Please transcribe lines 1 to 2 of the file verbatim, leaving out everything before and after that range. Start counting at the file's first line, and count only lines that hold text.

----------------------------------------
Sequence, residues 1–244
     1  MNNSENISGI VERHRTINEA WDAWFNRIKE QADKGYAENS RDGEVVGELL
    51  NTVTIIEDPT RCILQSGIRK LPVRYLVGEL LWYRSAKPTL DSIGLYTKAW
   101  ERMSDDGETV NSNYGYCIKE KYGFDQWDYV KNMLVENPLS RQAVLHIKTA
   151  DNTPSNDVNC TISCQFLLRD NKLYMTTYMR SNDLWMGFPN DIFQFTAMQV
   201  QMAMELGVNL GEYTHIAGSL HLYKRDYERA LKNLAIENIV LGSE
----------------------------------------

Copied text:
Sequence, residues 1–244
     1  MNNSENISGI VERHRTINEA WDAWFNRIKE QADKGYAENS RDGEVVGELL